Shareholders and directors have two completely different roles in a company. The shareholders (also called members) own the company by owning its shares and the directors manage it. Unless the articles say so (and most do not) a director does not need to be a shareholder and a shareholder has no right to be a director. The separation in law between directors and shareholders can cause confusion in private companies.The problem with this is that company law requires some decisions to be made by the directors in board meetings and others to be made by the shareholders by written resolutions or by resolutions passed at general meetings. To complicate matters further, some decisions have to be made by the directors, but only with the shareholders' consent. Whether a particular decision has to be made by the board meeting or the general meeting, or both, depends on the provisions of the Companies Act and/or the company's articles of association.
Serious potential liabilities can arise if the directors do not obtain the approval of the general meeting when this is required. The relationship between directors and shareholders is a complex one. The directors are subject to the general fiduciary duty to act in the company's best interests. While the directors are in control of the day to day running of the company, with access to information about its business and effective control over the calling and conduct of meetings, the shareholders have an ultimate source of power: any director can be removed from office by ordinary resolution. If the directors are actually or potentially in breach of their fiduciary duties, a resolution in general meeting, properly passed, may be used to authorise a transaction or give the company's consent to a profit or interest of the director.Subject to the articles, the directors are responsible for the management of the company's business, for which purpose they may exercise all the powers of the company.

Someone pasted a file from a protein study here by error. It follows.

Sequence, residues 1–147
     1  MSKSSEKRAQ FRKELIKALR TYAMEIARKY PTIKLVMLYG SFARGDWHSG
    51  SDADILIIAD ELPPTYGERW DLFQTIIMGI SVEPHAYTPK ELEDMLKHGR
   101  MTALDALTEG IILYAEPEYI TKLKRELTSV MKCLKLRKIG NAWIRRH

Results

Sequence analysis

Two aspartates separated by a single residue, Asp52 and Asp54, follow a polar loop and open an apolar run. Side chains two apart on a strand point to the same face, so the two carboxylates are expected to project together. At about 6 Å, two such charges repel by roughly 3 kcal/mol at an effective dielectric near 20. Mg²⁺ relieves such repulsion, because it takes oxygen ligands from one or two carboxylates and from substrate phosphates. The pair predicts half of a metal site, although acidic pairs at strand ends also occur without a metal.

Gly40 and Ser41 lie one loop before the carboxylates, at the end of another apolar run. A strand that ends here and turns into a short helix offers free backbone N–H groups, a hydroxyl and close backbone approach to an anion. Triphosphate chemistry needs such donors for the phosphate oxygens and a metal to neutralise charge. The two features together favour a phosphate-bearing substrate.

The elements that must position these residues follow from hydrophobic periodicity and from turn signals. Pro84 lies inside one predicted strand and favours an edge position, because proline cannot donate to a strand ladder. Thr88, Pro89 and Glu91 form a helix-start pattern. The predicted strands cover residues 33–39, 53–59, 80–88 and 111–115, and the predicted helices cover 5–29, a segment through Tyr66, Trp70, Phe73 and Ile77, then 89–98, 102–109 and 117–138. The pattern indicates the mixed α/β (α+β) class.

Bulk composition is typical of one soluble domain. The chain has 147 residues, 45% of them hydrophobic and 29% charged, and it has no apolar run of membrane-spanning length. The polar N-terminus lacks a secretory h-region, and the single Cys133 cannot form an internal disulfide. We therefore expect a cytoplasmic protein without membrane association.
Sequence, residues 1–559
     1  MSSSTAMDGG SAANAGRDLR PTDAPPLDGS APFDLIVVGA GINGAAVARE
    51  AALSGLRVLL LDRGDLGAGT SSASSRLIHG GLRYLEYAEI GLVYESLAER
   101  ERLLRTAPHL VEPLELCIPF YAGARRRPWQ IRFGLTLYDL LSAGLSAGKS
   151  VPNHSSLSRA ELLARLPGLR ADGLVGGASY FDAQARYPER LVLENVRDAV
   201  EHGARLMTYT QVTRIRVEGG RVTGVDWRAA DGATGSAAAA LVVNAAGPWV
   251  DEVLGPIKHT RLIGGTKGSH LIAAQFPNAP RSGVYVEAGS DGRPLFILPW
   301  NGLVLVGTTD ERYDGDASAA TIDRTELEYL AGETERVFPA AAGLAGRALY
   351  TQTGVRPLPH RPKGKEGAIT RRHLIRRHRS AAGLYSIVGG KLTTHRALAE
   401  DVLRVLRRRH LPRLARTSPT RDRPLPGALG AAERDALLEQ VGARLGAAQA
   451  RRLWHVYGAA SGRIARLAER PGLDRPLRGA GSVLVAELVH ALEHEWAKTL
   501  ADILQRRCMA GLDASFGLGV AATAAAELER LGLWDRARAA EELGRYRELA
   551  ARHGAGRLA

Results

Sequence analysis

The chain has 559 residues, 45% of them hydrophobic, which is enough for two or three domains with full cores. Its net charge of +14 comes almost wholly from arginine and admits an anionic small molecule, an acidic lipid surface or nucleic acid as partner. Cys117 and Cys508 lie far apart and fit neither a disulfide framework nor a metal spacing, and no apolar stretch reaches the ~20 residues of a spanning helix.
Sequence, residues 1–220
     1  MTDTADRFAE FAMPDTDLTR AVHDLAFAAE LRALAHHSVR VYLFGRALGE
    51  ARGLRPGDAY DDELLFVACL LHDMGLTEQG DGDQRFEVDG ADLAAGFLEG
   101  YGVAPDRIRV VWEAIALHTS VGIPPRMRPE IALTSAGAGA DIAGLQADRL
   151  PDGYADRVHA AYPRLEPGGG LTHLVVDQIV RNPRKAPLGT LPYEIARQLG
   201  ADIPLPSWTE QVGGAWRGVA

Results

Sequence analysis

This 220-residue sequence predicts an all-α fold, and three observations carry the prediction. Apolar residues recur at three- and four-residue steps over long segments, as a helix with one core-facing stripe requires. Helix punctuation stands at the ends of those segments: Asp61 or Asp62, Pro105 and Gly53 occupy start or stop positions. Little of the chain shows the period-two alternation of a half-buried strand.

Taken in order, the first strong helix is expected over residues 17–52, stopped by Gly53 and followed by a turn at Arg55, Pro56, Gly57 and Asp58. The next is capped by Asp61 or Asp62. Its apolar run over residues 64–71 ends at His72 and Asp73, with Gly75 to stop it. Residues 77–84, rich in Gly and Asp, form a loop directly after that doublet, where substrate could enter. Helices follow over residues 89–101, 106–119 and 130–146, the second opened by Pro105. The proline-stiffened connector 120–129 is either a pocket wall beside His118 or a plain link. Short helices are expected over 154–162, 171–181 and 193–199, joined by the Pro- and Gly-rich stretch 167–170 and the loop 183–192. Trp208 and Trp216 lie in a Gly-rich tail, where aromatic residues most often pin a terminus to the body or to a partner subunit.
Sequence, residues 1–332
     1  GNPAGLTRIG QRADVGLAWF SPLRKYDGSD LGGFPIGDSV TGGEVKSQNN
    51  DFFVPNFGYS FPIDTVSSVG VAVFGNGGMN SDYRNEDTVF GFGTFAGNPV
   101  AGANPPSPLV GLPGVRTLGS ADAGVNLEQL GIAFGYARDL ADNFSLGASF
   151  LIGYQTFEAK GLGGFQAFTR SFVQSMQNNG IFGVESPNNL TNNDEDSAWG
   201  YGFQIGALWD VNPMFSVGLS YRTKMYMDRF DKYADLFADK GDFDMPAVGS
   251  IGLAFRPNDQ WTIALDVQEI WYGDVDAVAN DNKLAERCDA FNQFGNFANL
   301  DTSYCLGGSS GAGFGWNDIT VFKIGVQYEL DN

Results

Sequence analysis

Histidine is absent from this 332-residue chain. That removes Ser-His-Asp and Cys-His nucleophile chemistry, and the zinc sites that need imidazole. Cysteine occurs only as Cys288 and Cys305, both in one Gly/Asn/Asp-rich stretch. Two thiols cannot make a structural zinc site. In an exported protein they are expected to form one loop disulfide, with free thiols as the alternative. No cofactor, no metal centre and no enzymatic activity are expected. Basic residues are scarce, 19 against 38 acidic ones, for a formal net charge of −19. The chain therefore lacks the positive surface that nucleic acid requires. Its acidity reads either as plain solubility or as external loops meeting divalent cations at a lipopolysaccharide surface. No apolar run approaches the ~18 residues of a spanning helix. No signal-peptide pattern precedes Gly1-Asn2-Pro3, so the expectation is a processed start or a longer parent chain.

The shareholders may, by special resolution, direct the directors to take, or refrain from taking, specified action.
No such special resolution invalidates anything which the directors have done before the passing of the resolution.
The directors are in control of the day to day running of the company, but must obtain approval from the shareholders for some of the more important decisions. Most companies do not have special articles and most have not passed special resolutions to restrict the directors' powers, so the reality is that in most companies the directors can make any decision unless the Act says it needs a resolution in general meeting.
The above are the general and legal position to your query.
You may have to go through the articles of association of the company from which you will get more clues to process the issues legally and the grievances may be redressed accordingly.